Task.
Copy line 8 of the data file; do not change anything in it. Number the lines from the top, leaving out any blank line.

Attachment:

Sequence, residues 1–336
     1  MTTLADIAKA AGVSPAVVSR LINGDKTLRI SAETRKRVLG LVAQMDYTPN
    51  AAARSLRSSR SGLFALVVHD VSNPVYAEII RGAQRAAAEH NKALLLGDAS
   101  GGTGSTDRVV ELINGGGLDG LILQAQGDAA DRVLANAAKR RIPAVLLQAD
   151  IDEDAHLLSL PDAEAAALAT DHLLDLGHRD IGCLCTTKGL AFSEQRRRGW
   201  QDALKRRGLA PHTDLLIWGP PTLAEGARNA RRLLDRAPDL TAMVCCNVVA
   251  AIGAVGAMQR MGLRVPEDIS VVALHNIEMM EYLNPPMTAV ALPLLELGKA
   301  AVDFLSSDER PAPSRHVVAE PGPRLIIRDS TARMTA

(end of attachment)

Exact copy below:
   301  AVDFLSSDER PAPSRHVVAE PGPRLIIRDS TARMTA